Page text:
The Wall Street Journal | When computers beat humans on Jeopardy!
February 17, 2011
The Wall Street Journal — February 17, 2011 | Ray Kurzweil
Over the past three days,the TV show Jeopardy! featured a showdown between a clever IBM computer system called Watson and the two greatest Jeopardy! champions. Watson won handily. It won the preliminary practice round, tied Monday’s opening round, and won by large margins on Tuesday and Wednesday. The point has been made: Watson can compete at the championship level—and is making it more difficult for anyone to argue that there are human tasks that computers will never achieve.
Jeopardy! involves understanding complexities of humor, puns, metaphors, analogies, ironies and other subtleties. Elsewhere, computers are advancing on many other fronts, from driverless cars (Google’s cars have driven 140,000 miles through California cities and towns without human intervention) to the diagnosis of disease.
Watson runs on 90 computer servers, although it does not go out to the Internet. When will this capability be available on your PC? The ratio of computer price to performance is now doubling in less than a year, so 90 servers would become the equivalent of one server in about seven years, and the equivalent of one personal computer within a decade. However, with the growth in cloud computing—in which supercomputer capability is increasingly available to anyone via the Internet—Watson-like capability will actually be available to you much sooner.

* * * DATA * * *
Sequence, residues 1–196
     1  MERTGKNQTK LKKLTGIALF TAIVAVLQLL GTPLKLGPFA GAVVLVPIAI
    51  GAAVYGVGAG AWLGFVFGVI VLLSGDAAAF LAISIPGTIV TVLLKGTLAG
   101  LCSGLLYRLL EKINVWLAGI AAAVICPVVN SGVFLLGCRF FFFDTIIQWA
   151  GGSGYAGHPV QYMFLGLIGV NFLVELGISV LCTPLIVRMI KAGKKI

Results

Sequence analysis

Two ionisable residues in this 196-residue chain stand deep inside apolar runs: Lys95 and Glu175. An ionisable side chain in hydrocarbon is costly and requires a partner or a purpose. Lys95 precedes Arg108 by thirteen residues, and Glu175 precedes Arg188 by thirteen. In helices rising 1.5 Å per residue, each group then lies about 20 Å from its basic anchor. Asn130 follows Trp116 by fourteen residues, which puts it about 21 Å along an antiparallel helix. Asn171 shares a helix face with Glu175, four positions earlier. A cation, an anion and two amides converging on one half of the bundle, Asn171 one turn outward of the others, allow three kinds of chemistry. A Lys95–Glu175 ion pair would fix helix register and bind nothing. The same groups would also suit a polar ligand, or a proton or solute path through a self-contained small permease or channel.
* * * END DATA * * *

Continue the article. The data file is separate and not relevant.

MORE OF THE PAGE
Given this, I expect Watson-like “natural language processing” (the ability to “understand” ordinary English) to show up in Google, Bing and other search engines over the next five years.
With computers demonstrating a basic ability to understand human language, it’s only a matter of time before they pass the famous “Turing test,” in which “chatbot” programs compete to fool human judges into believing that they are human. [...]